by Eliza Schafler
Eliza Schafler is an MHAS Equal Justice Works Fellow sponsored by Greenberg Traurig, LLP.


Most people don’t consider parking tickets and minor moving violations to be serious legal issues. Pay it, and it’s unpleasant, but then it’s over. But for many low-income people in Los Angeles, dealing with a ticket is a labyrinthine and dangerous process, with consequences that ripple into many aspects of life.

Let’s take the example of a low-income immigrant mother who runs a stop sign on the way to work. If she gets a ticket, there is little guidance available to her on next steps. The physical tickets themselves are difficult to read even for native English speakers.

If she is unable to pay the ticket, things get worse. Extensions on payment are not permanent, and payment plans are hard to maintain. She may have to take hours off from work or child care to go to court and wait in long lines. Taking off from work means less pay and even the risk of job loss. She likely cannot afford a lawyer to advise her on how to proceed. All this is extremely stressful and can take a psychological toll.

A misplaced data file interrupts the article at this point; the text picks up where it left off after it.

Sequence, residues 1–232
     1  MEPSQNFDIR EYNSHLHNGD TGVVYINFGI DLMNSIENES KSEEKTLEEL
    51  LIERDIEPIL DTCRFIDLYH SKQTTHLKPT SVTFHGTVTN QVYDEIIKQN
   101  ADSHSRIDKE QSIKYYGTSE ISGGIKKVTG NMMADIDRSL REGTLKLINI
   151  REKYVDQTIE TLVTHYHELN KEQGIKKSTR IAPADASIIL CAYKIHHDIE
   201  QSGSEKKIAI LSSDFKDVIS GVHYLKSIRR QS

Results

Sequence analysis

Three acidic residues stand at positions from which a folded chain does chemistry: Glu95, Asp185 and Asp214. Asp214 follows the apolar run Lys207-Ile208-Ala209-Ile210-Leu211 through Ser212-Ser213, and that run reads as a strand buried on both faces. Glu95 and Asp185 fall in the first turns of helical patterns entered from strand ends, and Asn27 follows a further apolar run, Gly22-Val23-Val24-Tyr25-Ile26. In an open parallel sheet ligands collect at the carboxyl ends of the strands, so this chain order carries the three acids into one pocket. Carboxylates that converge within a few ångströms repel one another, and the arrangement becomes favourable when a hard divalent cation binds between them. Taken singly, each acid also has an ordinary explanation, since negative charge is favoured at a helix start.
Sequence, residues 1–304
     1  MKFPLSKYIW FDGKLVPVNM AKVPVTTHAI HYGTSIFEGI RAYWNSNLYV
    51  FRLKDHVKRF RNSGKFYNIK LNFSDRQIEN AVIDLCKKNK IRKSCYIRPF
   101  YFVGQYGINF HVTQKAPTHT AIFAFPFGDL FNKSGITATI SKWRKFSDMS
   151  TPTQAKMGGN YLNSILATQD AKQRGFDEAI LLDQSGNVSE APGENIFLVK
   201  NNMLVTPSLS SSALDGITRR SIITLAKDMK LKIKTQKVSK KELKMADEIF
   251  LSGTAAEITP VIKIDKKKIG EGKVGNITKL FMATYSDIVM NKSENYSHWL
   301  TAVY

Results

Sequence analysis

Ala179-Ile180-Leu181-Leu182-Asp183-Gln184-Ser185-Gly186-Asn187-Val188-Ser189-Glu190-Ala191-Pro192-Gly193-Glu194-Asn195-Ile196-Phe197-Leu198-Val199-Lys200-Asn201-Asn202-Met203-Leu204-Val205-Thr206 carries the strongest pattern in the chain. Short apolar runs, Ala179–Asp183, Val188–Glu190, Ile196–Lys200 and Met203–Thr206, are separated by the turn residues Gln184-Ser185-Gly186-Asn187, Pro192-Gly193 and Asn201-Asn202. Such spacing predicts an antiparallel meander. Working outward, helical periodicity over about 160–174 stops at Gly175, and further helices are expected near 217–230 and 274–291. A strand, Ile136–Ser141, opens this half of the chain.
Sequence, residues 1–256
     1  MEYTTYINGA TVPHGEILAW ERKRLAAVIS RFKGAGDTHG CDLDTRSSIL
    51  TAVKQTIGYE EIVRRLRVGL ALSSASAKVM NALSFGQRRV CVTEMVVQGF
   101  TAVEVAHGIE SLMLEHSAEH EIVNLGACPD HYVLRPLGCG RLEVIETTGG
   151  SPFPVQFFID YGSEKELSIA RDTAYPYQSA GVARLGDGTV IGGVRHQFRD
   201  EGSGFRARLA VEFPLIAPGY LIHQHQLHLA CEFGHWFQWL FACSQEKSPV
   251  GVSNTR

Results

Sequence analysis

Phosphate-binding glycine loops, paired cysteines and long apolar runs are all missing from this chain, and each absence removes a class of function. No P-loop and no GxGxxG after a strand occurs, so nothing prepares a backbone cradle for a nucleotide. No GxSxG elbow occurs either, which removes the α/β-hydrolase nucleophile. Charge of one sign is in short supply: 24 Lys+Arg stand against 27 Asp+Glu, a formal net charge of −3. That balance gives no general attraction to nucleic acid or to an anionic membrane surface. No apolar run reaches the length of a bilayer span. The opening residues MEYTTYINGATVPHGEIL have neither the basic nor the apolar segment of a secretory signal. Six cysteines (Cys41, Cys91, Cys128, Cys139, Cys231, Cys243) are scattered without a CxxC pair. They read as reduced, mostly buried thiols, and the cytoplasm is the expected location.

If she does nothing, she will be charged with failure to pay or failure to appear in court. She may soon have warrant out for her arrest. Her license will be placed on hold and then suspended, leaving her vulnerable to another ticket if she keeps driving. Meanwhile, the fines will keep piling up.

What if this mother seeks to adjust her immigration status? An open criminal case would stand in the way. What if she is pulled over, the police see the warrant, and she is arrested? She could end up in deportation proceedings. A misdemeanor on her record could also affect future employment prospects.

For all these reasons, providers of legal services are focusing more and more on clearing tickets and warrants for low-income people. It doesn’t sound like glamorous advocacy, but this type of intervention can make an enormous difference.